BECKLEY, W.Va. -- One West Virginia community has found a valuable new use for a low-tech tool: A dog's nose is sniffing out the source of sewage-system leaks fouling local waterways.Sable is a 7-year-old rescue dog who works for Environmental Canine Services of Vermontville, Mich.West Virginia Public Broadcasting says she was hired under a state Department of Environmental Protection grant awarded to the Piney Creek Watershed Association. The group tries to protect waterways in about 130 square miles of Raleigh County.Every time Sable barks, Beckley Sanitary Board officials know she's got a "hit" on human waste. Beth Schrayshuen says Sable shows her team where to look.
"The Beckley Sanitary Board has been around for 80 plus years now," she said. "And old infrastructure just needs to be repaired, but it's buried, so it's difficult to verify what needs to be repaired and what's leaking."But with Sable here as a screening tool to verify if something is leaking," she said, "we are able to focus our attentions."Jim Fedders, executive director of Environmental Canine Services, said his dogs can tackle a variety of stream-quality challenges, from acid mine drainage to septic system problems. Sable is like a mobile chemical laboratory, he said, moving on paws instead of wheels."Sometimes the sewage system itself has broken pipes that are leaking into our streams or into the storm sewer system," he said. "It can be septic tanks that when installed were probably working fine but when these septic systems get old they need to be maintained or pumped out on a fairly regular basis."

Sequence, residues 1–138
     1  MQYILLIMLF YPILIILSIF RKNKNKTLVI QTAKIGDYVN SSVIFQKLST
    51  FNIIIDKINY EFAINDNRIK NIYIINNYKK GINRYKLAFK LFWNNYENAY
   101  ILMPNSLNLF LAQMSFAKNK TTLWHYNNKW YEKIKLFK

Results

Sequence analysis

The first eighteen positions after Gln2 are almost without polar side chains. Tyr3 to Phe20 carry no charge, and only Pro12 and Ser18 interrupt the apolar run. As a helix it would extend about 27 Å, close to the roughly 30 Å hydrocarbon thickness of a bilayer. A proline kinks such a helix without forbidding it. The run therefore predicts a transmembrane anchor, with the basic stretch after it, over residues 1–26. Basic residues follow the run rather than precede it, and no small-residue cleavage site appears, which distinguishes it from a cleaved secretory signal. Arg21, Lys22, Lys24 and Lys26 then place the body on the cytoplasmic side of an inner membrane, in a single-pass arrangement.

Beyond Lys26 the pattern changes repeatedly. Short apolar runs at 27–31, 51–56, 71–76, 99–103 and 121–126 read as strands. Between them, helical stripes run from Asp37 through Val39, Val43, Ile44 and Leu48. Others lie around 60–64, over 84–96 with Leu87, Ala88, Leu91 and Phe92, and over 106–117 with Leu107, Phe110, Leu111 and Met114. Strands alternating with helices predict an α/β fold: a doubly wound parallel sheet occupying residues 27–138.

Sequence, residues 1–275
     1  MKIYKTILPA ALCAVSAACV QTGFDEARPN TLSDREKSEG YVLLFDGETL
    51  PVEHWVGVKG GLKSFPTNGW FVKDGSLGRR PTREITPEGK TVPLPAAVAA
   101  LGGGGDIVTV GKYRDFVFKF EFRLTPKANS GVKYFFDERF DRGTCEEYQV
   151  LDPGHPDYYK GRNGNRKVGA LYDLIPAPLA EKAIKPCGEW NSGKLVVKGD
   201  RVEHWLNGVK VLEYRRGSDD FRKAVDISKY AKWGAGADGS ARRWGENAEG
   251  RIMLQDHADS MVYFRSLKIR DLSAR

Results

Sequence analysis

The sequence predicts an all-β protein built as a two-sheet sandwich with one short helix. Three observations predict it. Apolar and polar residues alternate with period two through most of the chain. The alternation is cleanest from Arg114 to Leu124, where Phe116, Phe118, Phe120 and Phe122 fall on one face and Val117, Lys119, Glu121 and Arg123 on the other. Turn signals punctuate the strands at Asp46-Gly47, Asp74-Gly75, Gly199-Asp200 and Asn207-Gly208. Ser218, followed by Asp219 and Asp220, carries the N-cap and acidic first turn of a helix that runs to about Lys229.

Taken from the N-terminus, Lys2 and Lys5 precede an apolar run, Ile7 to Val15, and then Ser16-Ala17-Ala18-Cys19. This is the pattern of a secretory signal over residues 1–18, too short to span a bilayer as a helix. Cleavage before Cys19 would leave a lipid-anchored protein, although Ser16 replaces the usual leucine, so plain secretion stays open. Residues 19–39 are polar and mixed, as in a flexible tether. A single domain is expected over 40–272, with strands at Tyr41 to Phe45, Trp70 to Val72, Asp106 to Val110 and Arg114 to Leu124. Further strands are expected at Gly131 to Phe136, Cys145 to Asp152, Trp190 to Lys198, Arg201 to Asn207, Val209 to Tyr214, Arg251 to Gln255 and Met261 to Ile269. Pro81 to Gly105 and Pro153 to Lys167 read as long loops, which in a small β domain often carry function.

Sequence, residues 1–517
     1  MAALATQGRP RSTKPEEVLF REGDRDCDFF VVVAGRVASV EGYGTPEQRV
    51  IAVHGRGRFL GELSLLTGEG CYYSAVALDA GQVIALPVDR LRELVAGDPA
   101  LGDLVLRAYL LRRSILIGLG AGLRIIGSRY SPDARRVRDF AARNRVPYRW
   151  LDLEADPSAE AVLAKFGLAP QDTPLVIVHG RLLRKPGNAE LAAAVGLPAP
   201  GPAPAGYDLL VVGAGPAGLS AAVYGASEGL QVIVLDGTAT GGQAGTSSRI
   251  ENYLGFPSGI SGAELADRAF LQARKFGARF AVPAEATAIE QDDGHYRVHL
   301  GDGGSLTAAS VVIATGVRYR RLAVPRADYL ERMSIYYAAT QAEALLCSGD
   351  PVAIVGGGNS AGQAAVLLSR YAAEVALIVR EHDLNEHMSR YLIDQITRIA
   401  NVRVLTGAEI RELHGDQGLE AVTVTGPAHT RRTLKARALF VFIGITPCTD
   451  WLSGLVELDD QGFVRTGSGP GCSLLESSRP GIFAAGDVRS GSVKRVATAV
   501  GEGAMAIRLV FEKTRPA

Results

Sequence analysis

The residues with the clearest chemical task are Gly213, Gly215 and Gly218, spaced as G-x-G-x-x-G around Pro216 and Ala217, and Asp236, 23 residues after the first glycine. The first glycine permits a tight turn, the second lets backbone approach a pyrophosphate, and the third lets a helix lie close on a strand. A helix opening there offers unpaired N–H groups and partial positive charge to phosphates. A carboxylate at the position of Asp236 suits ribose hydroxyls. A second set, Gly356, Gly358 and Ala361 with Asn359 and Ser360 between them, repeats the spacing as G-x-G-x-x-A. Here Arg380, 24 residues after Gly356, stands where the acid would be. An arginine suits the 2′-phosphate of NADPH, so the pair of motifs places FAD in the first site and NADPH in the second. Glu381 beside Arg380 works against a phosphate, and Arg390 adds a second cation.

Because septic systems are out of sight, they're too often out of mind, Fedders said. People don't think to maintain them.Another problem is "straight piping," or the piping of waste directly from an older home into a back yard or stream.Sable had 17 "hits" during her visit to Beckley. Scott Reynolds, the owner of Environmental Canine Services, said that's not unusual."You guys are right along the same curve as other places that we've been," he said.Reynolds says blood samples are taken from his dogs every six months to ensure they're healthy. He also watches their paws closely.And every day's work ends with a bath.